The FDIC has announced plans to investigate banks offering payday loans.  Their specific area of concern is the expansion of payday loan offerings to include third parties.  More and more big banks are offering payday loans, although they like to call them by different names.  Wells Fargo, who has been doing this for over a decade calls them “direct deposit advances.”

The FDIC said the investigation is as a result of a letter they received in February 2012 from “Americans for Financial Reform” that was signed by more than 200 organizations and individuals that asked the FDIC to stop banks from offering these products.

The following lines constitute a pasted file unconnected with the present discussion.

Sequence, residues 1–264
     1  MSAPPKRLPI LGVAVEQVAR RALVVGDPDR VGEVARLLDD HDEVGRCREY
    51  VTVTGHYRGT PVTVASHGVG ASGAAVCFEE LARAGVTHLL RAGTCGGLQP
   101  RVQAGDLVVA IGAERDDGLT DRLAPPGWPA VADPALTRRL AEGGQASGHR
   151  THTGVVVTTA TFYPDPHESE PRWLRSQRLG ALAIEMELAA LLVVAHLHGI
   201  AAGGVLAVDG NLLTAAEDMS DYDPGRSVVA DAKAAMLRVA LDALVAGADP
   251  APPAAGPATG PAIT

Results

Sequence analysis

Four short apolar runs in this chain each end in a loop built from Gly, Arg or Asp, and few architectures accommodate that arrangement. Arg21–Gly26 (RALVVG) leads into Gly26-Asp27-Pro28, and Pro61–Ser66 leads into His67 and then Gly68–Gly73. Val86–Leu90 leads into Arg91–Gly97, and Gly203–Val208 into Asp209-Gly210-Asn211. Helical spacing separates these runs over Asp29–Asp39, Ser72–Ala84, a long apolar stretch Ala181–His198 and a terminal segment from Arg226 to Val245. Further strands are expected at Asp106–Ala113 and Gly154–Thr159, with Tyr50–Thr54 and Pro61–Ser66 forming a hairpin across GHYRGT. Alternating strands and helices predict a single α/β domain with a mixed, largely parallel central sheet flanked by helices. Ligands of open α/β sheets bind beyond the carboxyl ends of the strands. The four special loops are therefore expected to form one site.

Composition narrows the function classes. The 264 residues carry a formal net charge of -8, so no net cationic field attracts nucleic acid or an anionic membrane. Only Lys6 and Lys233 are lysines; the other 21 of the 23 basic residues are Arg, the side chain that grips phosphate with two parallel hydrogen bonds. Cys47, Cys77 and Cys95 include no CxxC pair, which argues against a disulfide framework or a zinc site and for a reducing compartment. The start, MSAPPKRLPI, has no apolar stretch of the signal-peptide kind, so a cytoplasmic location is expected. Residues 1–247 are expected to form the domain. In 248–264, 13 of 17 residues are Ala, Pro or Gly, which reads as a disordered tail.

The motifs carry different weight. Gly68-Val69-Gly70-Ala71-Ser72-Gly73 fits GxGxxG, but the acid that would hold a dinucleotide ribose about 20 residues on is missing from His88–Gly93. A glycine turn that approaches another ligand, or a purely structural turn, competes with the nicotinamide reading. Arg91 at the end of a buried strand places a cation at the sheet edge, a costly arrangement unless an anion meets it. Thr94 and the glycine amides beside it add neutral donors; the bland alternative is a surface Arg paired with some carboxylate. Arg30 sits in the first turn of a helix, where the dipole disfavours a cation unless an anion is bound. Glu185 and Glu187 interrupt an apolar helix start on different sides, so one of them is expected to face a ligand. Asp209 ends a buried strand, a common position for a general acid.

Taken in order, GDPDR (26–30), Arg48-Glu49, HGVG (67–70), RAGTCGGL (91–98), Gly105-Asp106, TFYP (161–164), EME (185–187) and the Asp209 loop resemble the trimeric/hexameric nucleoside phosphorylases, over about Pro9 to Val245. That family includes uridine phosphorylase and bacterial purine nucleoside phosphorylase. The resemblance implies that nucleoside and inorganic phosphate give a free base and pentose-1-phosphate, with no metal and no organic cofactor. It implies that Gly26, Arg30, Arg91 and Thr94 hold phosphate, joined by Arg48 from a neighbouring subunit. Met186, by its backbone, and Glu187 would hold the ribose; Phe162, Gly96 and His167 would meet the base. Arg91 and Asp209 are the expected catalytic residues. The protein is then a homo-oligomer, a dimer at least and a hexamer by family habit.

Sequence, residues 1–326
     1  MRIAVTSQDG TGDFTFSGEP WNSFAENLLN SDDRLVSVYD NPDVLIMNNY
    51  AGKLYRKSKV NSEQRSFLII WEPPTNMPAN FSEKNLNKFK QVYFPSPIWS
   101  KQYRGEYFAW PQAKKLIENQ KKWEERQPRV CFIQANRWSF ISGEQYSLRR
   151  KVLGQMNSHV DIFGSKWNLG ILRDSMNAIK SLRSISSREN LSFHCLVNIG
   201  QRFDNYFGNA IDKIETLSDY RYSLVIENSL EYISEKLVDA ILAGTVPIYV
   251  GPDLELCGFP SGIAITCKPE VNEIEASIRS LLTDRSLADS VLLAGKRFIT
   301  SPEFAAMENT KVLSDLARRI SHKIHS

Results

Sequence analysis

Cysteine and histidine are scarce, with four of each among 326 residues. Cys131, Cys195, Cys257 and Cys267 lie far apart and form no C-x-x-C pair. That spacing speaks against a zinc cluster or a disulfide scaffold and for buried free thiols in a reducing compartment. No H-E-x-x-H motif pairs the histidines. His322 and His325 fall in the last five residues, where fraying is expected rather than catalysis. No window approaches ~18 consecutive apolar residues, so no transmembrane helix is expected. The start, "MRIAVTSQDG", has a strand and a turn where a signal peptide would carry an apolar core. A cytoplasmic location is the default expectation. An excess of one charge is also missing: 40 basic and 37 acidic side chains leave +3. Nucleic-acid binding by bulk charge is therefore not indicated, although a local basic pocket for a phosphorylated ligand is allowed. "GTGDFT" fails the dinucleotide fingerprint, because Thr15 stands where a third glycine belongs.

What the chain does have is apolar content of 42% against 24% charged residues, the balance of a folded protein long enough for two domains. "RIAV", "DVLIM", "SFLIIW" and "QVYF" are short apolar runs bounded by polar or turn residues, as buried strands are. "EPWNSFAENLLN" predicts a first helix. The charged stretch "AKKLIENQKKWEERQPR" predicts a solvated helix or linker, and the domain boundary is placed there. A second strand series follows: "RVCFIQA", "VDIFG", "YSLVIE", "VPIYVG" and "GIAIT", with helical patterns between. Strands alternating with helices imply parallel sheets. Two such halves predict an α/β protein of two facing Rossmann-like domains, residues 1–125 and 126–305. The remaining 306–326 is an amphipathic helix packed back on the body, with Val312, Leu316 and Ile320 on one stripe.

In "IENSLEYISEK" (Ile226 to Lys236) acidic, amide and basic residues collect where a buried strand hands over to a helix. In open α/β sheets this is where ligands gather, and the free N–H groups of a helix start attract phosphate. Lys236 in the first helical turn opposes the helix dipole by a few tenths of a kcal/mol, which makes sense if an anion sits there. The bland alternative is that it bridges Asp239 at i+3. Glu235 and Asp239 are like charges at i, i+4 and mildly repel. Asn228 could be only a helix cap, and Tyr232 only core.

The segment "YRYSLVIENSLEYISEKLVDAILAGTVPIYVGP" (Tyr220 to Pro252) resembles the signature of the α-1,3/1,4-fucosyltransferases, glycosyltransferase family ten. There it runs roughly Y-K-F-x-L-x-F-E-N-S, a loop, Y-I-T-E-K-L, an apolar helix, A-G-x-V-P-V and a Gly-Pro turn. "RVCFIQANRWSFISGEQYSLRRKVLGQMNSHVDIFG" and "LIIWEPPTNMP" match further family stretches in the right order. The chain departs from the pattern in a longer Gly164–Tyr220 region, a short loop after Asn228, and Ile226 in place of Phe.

It is easy to pile on the payday loan industry whether they originate from an affiliate website in conjunction with a lender or from a bank.  The realities are this.  There is a demand for payday loans because emergency expenses do occur.  People need emergency cash from time to time.  These loans also come with more inherent risk than traditional loans that require collateral.

Additionally, banks must make a profit.  Recent laws have restricted some former profit centers for banks (particularly overdraft fee restrictions) so they have to look for other areas in which to make money.  This is necessary in our system.  The key of course is to find balance.